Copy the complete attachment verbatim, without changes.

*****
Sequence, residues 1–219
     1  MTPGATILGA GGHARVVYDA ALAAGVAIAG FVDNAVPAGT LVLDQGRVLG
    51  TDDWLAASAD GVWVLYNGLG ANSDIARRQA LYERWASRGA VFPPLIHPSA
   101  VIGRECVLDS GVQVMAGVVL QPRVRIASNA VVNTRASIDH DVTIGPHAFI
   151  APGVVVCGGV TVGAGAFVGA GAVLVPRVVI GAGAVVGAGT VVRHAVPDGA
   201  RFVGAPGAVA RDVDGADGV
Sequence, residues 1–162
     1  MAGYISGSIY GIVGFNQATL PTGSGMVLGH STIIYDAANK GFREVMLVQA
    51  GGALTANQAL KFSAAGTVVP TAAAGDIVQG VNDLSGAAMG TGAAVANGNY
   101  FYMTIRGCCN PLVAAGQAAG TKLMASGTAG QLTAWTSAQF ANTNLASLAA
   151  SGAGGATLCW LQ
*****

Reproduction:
Sequence, residues 1–219
     1  MTPGATILGA GGHARVVYDA ALAAGVAIAG FVDNAVPAGT LVLDQGRVLG
    51  TDDWLAASAD GVWVLYNGLG ANSDIARRQA LYERWASRGA VFPPLIHPSA
   101  VIGRECVLDS GVQVMAGVVL QPRVRIASNA VVNTRASIDH DVTIGPHAFI
   151  APGVVVCGGV TVGAGAFVGA GAVLVPRVVI GAGAVVGAGT VVRHAVPDGA
   201  RFVGAPGAVA RDVDGADGV
Sequence, residues 1–162
     1  MAGYISGSIY GIVGFNQATL PTGSGMVLGH STIIYDAANK GFREVMLVQA
    51  GGALTANQAL KFSAAGTVVP TAAAGDIVQG VNDLSGAAMG TGAAVANGNY
   101  FYMTIRGCCN PLVAAGQAAG TKLMASGTAG QLTAWTSAQF ANTNLASLAA
   151  SGAGGATLCW LQ